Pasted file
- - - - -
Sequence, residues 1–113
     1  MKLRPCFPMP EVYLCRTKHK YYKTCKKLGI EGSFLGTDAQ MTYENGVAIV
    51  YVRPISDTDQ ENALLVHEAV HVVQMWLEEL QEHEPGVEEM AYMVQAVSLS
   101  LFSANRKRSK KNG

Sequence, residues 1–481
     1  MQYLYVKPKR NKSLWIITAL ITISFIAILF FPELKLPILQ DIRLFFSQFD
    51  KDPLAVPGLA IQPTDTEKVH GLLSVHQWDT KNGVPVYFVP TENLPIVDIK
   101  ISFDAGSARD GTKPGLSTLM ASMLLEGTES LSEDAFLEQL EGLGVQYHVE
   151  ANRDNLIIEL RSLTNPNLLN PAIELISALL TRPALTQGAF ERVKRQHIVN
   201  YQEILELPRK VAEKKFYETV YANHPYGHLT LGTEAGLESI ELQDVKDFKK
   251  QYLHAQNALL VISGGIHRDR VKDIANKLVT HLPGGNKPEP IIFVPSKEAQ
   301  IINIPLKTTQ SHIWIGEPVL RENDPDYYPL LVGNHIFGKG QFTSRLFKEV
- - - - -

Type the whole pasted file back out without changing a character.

Sequence, residues 1–113
     1  MKLRPCFPMP EVYLCRTKHK YYKTCKKLGI EGSFLGTDAQ MTYENGVAIV
    51  YVRPISDTDQ ENALLVHEAV HVVQMWLEEL QEHEPGVEEM AYMVQAVSLS
   101  LFSANRKRSK KNG

Sequence, residues 1–481
     1  MQYLYVKPKR NKSLWIITAL ITISFIAILF FPELKLPILQ DIRLFFSQFD
    51  KDPLAVPGLA IQPTDTEKVH GLLSVHQWDT KNGVPVYFVP TENLPIVDIK
   101  ISFDAGSARD GTKPGLSTLM ASMLLEGTES LSEDAFLEQL EGLGVQYHVE
   151  ANRDNLIIEL RSLTNPNLLN PAIELISALL TRPALTQGAF ERVKRQHIVN
   201  YQEILELPRK VAEKKFYETV YANHPYGHLT LGTEAGLESI ELQDVKDFKK
   251  QYLHAQNALL VISGGIHRDR VKDIANKLVT HLPGGNKPEP IIFVPSKEAQ
   301  IINIPLKTTQ SHIWIGEPVL RENDPDYYPL LVGNHIFGKG QFTSRLFKEV